Virtual Studio

Clawson's Deep Canvas is using virtual reality to create product prototypes.


Published:

Carl Winans

When websites first appeared, many people questioned whether the online offerings would prove useful. Today, it’s hard to find a business or an organization that doesn’t display its products or services on a homepage.

Now comes the next revolution. With once-expensive virtual reality platforms available for as little as $2,000, companies are finding they can rapidly design products and components in a few days rather than over several months or years.

“As soon as I experienced the new virtual reality equipment (in April 2016), I saw the future and where we needed to go,” says Carl Winans, founder and CEO of Deep Canvas, a design firm in Clawson that creates and maintains websites and mobile apps. “We focus on the makers, the manufacturers, and the builders who need prototypes.”

This year, Winans says 90 percent of his revenue will come from web and mobile applications, with the balance generated by helping clients integrate virtual reality into the deign process. He projects that by next year, his business will be evenly split between the two disciplines.

Tapping virtual reality equipment from Oculus Rift (owned by Facebook) and Vive, Winans and his team help clients design products on a computer screen. To refine the prototypes, Winans equipped a studio space with two mounted cameras complemented by a powerful computer, a headset, two hand controllers, and a virtual pen.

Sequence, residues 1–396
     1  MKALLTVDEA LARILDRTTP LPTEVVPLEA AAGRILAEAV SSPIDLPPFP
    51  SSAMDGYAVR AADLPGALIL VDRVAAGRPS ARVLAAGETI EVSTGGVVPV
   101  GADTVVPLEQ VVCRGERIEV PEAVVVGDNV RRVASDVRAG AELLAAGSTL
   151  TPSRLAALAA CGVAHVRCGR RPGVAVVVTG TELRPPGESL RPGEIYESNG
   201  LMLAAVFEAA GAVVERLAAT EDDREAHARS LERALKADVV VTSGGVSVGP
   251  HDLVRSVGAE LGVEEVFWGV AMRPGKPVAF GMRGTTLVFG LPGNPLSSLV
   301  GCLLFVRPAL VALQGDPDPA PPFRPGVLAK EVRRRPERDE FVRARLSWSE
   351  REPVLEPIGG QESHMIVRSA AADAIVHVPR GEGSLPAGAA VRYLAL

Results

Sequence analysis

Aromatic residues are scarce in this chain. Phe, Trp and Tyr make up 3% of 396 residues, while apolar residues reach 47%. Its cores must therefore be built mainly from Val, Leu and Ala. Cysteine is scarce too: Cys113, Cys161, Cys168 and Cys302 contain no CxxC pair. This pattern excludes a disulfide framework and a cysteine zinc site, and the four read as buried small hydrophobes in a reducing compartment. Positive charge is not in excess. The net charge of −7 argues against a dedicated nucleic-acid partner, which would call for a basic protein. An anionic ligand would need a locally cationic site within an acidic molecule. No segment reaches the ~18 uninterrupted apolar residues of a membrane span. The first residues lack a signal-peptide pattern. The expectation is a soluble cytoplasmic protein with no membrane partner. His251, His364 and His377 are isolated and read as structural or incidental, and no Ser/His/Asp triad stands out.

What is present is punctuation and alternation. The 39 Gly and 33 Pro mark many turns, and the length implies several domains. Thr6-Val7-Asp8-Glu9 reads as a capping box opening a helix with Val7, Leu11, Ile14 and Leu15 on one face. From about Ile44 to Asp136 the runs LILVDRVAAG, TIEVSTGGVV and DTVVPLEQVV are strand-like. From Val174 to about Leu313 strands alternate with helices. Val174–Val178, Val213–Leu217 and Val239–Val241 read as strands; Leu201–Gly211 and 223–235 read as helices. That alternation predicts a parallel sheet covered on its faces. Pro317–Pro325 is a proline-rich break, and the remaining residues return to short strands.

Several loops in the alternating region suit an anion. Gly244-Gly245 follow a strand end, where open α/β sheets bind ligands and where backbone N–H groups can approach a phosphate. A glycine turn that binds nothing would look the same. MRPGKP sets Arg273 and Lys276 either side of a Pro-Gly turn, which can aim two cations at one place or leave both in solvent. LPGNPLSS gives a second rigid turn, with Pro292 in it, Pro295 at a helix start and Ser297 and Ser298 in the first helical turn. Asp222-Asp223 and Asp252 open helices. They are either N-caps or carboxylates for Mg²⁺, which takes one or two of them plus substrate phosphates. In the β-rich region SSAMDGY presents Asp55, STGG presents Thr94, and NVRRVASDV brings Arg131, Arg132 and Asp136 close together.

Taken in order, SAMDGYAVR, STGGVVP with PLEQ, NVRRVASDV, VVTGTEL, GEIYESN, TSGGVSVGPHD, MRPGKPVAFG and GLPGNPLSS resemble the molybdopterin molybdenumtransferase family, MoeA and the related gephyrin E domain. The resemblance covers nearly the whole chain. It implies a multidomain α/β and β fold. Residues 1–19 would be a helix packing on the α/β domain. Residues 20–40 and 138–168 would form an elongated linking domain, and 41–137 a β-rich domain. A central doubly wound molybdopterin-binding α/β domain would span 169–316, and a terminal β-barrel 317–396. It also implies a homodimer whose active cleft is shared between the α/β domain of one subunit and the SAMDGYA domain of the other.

“With microphones and speakers mounted in the headset, you can communicate with a client using the same or similar equipment,” he says. “You don’t even need to be in the same room or the same country. It reduces the design process from months to sometimes minutes.”

Once a virtual design of, say, a pickup truck is created, Winans and his client can examine every aspect of the digital image. If a headlamp or an armrest appears too large, it can quickly be changed on screen. A wooden model of the same pickup would take weeks to create, and is difficult to manipulate once it’s completed.

Beyond reducing the design phase, Winans says as soon as a prototype is approved, the data can be shared across multiple platforms. “Now we’re talking to law firms that file patents,” he says. “With access to the virtual data, it makes it much easier to file a patent application. It’s a service we’re starting to sell.”

Using special camera equipment, Winans says he could film a 150-acre site in Hawaii and load the 360-degree imagery into a computer; from there, Deep Canvas has the ability to virtually design a client’s new retail center or office building.

“We could film across a university, so a student who wants to experience the campus without physically being there can do a virtual tour,” Winans says. “We can put them in the student section when the football team scores a touchdown, we can change the seasons, or we could show them different dorms. The only limitation is your imagination.”

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